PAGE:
22 Power Pulse-Spray Concept: Left- Outer catheter tubing is cut away to show internal stainless steel hypotube and distal loop with exiting saline jets. The outflow lumen is occluded using stopcock; thus lytic solution exits from distal windows. Right- Xpeedior catheter over .035” wire. Note mist of fluid exiting at distal tip. 22

23 AngioJet/TNK Power Pulse Spray
Combined pharmacological thrombolysis & mechanical thrombectomy Advantages Enhance of the delivery of thrombolytic agent Reduce duration of thrombolytic agent Reduced ICU stay 23

24 Possis Angiojet

25 TRELLIS®-8 Isolated Thrombolysis Catheter
Designed for Single Setting DVT Thrombolysis Pharmaco-mechanical drug infusion catheter Treatment area contained within occluding balloons (15, 30 cm zones) Mechanical dispersion of infused thrombolytic agents Large 5-16 mm occluding balloons Aspiration following treatment 8F, 035” system

26 Oscillating Dispersion Wire
Pre-shaped Sinusoidal Wave with BiPlex construction Attached to the ODU Assists in dispersion of thrombolytic agent

27 Trellis

28 Personal Experience Between October 2002 and December 2006, 40 patients with DVT were captured prospectively in a vascular registry and retrospectively reviewed.

29 Technique

30 Technique

31 Technique

32 Results Mean age was 50.9+/-18 yrs (range15-78)
In 24/30(80%) treatment was performed at a single setting with a procedural time of 145+/-35 minutes (55-210) Recanalization of the venous segment was achieved in all patients

33 Results TNK Dose CDT CTA AsymptomaticPE Trellis N=23 6.2 mg 4 2 Possis

34 Adjunctive Procedures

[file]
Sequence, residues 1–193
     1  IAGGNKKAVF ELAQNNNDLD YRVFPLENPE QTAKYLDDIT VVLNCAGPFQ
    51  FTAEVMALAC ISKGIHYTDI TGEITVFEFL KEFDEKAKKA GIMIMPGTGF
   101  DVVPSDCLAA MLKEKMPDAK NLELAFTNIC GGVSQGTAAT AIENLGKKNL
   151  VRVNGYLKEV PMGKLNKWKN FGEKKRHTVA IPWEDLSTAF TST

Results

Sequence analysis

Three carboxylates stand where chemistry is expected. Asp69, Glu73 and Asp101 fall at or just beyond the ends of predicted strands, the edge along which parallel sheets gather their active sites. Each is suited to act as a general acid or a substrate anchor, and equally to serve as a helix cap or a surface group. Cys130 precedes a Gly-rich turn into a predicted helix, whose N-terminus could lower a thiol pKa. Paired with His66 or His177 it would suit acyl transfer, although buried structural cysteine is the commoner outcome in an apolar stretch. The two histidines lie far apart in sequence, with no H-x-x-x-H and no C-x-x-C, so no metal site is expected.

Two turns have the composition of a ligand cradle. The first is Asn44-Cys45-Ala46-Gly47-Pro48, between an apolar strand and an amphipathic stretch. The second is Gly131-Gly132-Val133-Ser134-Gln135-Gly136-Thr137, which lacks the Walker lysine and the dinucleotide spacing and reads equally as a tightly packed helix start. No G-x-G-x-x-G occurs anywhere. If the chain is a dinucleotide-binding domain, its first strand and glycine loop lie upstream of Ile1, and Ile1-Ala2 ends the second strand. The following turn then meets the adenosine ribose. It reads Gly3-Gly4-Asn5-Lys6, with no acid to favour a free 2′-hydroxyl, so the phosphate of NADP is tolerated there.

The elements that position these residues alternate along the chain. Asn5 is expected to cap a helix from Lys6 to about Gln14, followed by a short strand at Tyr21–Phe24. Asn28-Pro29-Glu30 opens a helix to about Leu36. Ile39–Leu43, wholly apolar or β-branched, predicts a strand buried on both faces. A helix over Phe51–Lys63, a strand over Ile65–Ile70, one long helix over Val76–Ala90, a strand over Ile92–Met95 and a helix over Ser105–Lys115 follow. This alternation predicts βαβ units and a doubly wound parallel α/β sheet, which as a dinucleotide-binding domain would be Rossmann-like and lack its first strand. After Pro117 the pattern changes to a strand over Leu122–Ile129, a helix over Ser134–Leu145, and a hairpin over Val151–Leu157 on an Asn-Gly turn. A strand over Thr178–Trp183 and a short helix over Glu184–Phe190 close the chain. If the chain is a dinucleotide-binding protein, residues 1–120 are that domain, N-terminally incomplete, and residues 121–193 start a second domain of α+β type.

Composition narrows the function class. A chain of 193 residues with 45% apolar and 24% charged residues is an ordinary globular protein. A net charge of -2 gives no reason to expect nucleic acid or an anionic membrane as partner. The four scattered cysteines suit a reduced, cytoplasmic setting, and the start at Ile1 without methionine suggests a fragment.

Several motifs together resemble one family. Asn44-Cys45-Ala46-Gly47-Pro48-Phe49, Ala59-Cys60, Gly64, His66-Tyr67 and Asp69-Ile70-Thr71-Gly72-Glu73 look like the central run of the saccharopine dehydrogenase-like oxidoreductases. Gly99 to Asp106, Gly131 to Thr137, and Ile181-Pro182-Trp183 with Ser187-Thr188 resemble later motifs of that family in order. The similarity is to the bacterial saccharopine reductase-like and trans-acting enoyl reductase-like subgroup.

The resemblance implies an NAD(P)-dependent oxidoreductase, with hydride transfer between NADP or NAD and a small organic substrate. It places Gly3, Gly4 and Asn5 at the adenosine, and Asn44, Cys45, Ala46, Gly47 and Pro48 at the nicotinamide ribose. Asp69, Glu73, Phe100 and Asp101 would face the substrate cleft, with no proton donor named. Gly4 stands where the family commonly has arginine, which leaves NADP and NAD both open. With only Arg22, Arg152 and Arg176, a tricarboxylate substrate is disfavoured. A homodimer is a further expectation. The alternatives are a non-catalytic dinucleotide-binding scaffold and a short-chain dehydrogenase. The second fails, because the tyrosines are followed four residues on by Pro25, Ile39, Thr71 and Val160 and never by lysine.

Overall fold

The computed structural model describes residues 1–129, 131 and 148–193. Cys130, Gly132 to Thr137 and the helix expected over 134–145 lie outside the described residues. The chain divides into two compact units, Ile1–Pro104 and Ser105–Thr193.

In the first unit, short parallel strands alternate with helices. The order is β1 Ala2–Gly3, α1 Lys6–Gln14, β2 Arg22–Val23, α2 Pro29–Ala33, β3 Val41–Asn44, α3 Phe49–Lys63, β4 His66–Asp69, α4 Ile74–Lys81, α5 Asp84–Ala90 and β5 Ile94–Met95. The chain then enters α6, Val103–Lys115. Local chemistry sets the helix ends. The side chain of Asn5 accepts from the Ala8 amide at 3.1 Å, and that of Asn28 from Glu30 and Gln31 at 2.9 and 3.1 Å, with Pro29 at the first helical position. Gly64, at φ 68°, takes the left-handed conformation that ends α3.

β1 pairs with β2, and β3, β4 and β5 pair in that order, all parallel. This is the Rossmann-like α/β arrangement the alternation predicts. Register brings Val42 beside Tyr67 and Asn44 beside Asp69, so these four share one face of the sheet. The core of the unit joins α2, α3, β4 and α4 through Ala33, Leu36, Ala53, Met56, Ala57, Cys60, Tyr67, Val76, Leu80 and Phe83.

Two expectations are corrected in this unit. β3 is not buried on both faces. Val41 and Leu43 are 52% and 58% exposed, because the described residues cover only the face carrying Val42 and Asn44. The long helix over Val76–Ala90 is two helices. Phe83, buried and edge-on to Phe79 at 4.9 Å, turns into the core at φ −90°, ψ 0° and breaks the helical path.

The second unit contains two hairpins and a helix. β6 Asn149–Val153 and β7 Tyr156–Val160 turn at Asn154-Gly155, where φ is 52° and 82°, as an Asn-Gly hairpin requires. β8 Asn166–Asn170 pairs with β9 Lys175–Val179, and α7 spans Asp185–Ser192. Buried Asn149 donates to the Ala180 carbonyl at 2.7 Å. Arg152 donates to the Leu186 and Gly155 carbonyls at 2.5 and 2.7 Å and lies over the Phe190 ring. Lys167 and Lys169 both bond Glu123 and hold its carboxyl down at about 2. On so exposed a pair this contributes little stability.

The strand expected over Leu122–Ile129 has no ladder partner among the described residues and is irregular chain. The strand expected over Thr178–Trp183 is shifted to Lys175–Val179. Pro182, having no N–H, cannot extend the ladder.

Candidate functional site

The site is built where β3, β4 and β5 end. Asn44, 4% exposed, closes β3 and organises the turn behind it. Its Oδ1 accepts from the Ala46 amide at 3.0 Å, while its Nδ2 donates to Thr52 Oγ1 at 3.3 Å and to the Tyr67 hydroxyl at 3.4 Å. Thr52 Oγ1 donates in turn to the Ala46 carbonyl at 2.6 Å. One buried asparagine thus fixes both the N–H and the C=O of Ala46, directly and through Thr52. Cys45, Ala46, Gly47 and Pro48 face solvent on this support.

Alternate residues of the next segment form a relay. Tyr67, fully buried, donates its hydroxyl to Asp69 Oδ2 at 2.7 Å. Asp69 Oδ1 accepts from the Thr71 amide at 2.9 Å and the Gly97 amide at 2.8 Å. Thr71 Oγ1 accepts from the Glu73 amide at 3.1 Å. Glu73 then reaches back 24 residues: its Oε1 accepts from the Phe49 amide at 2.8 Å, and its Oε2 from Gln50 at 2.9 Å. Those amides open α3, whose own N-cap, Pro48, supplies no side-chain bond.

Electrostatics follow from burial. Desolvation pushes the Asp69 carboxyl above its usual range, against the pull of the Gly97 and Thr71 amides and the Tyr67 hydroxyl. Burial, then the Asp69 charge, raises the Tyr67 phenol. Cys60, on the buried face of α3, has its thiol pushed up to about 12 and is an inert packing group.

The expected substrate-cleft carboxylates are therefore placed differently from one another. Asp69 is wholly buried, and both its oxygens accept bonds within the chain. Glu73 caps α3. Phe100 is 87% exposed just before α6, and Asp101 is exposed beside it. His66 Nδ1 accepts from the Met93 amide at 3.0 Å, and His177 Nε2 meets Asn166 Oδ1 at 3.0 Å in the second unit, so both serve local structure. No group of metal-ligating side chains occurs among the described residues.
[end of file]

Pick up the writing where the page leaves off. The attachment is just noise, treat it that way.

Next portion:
35 Primary Endpoints 6 months
90% 88%

36 Pre-Treatment Venogram

37 Post Treatment Femoral Vein


39 Subclavian Vein Thrombosis

40 J Vasc Surgery 2004 Retrospective review of 20 patients with symptomatic DVT Angiojet + lytics Average time from diagnosis to treatment was 14 days IVC filter used 7 out of 20 patients

41 Results 61% had anatomic lesions uncovered after lysis
These were treated with PTA and stenting 65% complete thrombus removal 35% had partial improvement that was then augmented with catheter – directed thrombolysis ( avg 5.7 hours). Dramatic improvement 2/8 2 patients with thrombus in filter at end of case Clinical symptomatic improvement in 74% cases

42 Lin et al, American J Surg, 2006
CDT vs PMT 93 Patients 46 CDT Complete lysis 70% Partial lysis 30% Venograms 2.5 Symptomatic Improvement 72% LOS 8.4 days Patency 1year 64% 52 PMT Complete lysis 75% Partial lysis 25% Venograms 0.4** Symptomatic Improvement 81% LOS 4.6 days** Patency 1year 68% Lin et al, American J Surg, 2006

43 OmniWave™ Endovascular System
OmniSonics Medical Technologies, Inc. 66 Concord Street Wilmington, MA 01887

44 Catheter and Generator
Specifications ≥ 7F sheath compatible Distal OD: 1.9mm (6F) Rapid Exchange 0.018” Compatible Guidewire 100 cm usable length Treatment Zone ~10cm Runtime = 10 minutes Able to treat 5-12 mm vessels Irrigation fluid flowrate – 10 ml/min

45 Theory of Operation The OmniWave Endovascular System uses high frequency mechanical vibrations (ultrasound) delivered via a thin waveguide to ablate thrombus and enhance infusion It is a revolutionary approach to clot management, with unique capabilities and characteristics The system has two critical components: Generator Catheter System

46 Mechanism of Action Cavitation is the working bubble that breaks up thrombus Microstreaming continually brings thrombus into contact with the waveguide Macromotion brings the active energy to all parts of the vessel lumen. Cavitation, or bubble formation and collapse, is caused by the ultrasonic motion of the wire in a fluid medium resulting in a surface ablation of the tissues. When the “bubbles” collapse they cause a focused shock wave, acoustic energy , ablating tissue in a very controlled manner. In addition, the waveguide motion causes “microstreaming”, which causes thrombus to be continually drawn into contact with the wire. Finally, the waveguide moves within the vessel (“macromotion”) which brings the active energy to all parts of the vessel lumen.

47 Omniwave (Chronic DVT)

48 Omniwave

49 Omniwave

50 Summary CDT and the use of PMT devices are emerging as significant breakthroughs in the treatment of DVT